Bitter happiness

July 16th is the birthday of my second child. It was also the 50th anniversary of the Rafle du Vel’ d’Hiv.



It was hot and blue, and we walked to the hospital hand in hand to birth a baby who leapt into the world with little help. On that day, fifty years before, hot and blue and full of terror, children were sent to their deaths for no reason other than to ingratiate the authorities with the occupier. We walked in the sun and crossed the river, free as gulls, a future building one new face at a time. In the ripples of river water, silver ghosts whispered of love and sun and lost happiness. On each stone where the light fell, a smile, a cheek streaked with tears, a hand reaching out from a distant past, said, remember, and be happy, for we who were not.


After rain, the sun

shines with joy at your coming—

the river runs on.

Touch the misty breath of morning

The dverse prompt, is to play with the senses.


Touch the misty breath of morning,

tangy with the steely taste of dew,

and stroke the back of river flowing,

curling ’neath the bridge piers striding.

Draw me a cloudburst drenched in rainbow darts,

and I’ll blow you kisses through the slate grey shade.

Sing me all the blackbird’s songs,

if you dare!

and I’ll reply with moonlight tangos,

strummed on a hazel branch.

Pluck me an apple with skin as smooth as oceans,

and I’ll breathe you mint and rosemary,

rock you in the scent of roses,

until the evening falls, soft as moth wings,

bee-humming with the joy of young things,

in a cascade of heavenly blue.


For the dverse Haibun Monday, I have worked the haiku I wrote earlier today into a piece of prose, again based on Hugh’s birth on a very snowy Easter night.


I watch the light die on this spring evening so unlike the night you were born. The wisteria hangs immobile, filling the air with such heady scent, and the birds settle into silence. Moon soars, pale against the blue, in a sky without cloud, and vine leaves open in dark green clusters. Hard to believe that on this night twenty years ago, there was no light. All was shadow, densely clustered, and snow fell thick and heavy. I put on boots to tramp to the maternity hospital arm in arm with your father, ploughing through the white and stopping to let the contractions pass. It was dark and cold and white flakes blurred our vision, and we feared for the next hours.

Wisteria hangs and I bask in the golden scent. Sun has set and the sky is dark. Roses are in bud and the pansies turn their opulent faces to anyone who will look at them. The shadows fall soft and scented now; there is no fear hiding in their depths. You are all that your birth promised, big and strong and fair, and snow has never fallen at Easter since then.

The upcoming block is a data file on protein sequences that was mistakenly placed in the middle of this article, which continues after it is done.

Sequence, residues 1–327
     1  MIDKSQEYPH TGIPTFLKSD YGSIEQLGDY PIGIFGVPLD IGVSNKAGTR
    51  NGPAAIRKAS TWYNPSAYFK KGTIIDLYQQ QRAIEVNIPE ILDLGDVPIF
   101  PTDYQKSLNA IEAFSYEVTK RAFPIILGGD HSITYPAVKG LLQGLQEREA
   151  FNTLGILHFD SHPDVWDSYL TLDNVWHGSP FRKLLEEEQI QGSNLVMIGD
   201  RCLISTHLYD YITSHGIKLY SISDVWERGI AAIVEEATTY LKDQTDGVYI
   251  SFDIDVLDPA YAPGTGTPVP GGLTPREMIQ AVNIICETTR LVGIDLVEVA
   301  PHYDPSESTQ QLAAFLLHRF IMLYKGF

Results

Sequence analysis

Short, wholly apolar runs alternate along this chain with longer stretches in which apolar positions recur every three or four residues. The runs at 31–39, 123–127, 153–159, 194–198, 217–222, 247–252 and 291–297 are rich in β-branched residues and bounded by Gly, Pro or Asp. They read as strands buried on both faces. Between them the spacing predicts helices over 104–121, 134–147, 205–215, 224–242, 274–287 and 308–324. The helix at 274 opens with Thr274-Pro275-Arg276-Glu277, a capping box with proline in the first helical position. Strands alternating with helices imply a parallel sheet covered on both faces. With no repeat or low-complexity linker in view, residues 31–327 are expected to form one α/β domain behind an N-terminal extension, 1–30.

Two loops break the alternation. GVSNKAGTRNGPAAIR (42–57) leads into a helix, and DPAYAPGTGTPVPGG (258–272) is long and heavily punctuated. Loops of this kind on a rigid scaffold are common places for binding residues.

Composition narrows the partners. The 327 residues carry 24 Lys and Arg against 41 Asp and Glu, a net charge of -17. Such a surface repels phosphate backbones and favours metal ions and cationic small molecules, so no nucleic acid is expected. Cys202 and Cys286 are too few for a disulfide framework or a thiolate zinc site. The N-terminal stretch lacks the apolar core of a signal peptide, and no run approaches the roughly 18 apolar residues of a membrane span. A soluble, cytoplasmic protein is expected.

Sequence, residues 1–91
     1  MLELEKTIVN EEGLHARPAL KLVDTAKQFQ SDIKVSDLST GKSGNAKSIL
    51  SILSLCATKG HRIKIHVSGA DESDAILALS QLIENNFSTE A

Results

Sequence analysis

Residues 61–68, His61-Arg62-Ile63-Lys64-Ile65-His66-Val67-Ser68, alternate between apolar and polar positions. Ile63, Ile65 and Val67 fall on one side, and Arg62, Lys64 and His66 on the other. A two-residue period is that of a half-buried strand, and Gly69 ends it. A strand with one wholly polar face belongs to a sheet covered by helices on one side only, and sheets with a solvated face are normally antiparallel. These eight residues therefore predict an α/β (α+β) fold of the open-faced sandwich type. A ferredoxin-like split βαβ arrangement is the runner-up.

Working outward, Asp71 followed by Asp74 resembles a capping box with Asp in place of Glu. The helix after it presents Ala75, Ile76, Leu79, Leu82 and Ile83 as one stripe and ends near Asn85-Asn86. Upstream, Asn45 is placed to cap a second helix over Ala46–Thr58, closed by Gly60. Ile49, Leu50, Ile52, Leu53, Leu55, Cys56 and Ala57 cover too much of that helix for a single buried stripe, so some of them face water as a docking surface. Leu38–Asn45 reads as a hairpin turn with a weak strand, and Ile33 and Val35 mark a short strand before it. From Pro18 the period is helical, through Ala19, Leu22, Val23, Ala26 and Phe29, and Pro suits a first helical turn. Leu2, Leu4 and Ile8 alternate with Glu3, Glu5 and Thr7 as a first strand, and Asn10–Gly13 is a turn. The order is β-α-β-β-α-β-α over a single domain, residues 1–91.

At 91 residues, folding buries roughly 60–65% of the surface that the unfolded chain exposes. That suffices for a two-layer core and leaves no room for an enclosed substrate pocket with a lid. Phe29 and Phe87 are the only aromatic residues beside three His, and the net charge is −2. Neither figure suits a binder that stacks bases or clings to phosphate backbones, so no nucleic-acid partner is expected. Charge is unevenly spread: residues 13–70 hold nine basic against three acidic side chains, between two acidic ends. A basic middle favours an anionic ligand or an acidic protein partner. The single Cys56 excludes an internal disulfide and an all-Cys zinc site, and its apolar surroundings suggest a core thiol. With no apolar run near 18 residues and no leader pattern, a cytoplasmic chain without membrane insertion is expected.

Easter birth pangs grip,

snow falls hard, a soft blanket—

from chagrin springs joy.





Giving in to the addiction again—another minute poem for the Daily Post prompt: learning.


What have I learnt today, asks she,

What can I be?

Is there a ploy

To bring me joy?


The answer falls from sky of blue,

Of every hue

The petals bright

In green leaf-light.


The answer sings in feathered throats,

Dancing dust motes,

Clouds, rose-pale skies—

Open your eyes.





Joy, ephemeral as a blackbird’s song,

As his fragile feathered life,

Carried on balmy breezes,

Disperses with the merest sigh,

In a cloud of mist and thistledown.

But pain uncurls in every broken heart,

Opens heavy arms to embrace the dark,

Beats a swathe, red raw between the dancing trees,

To tear a path beyond the round of sleep,

And clawing through the cold and airless wastes,

Fills the space that lies between the stars,

Swelling into infinity.

The end of all things

Painting by Gebhard Fugel


All things end in sadness,

If only because all things must end,

All the summer-sweet memories,

Tinged with bitter brown,

Now that the page is turned,

The petals fallen.

What once was vivid, ice-bright,

To make the skin tingle with that almost touch,

Sifts now, sand-dry, through scrabbling fingers.

The past casts its dusty veil,

Tidies happiness away into a dingy box,

Where sunlight will never fall again,

And all the tears shed in joy,

A simple presage of last tears of sorrow.

Two poems, two styles, same emotion

How many times have I loved you?
How many times have we parted?
How many times have we both wished to end
This passionate story we started?

Through all of the years I have loved you
When uncertainty kept us apart
Through all of the years when you stopped your ears
To the whisperings of your heart.

I recall, though it’s years we’re together,
The joy that was worth all the pain
When I’d see you come running to meet me
With your smile and your suitcase again.


Of all the feelings
That pluck a ringing chord
None soars higher
Delves deeper
Pierces sharper
Sings sweeter
Than the surge of joy
At the longed-for sight
Of your familiar impatient gait
Breasting the insignificant crowd
To meet me
And my winged heart.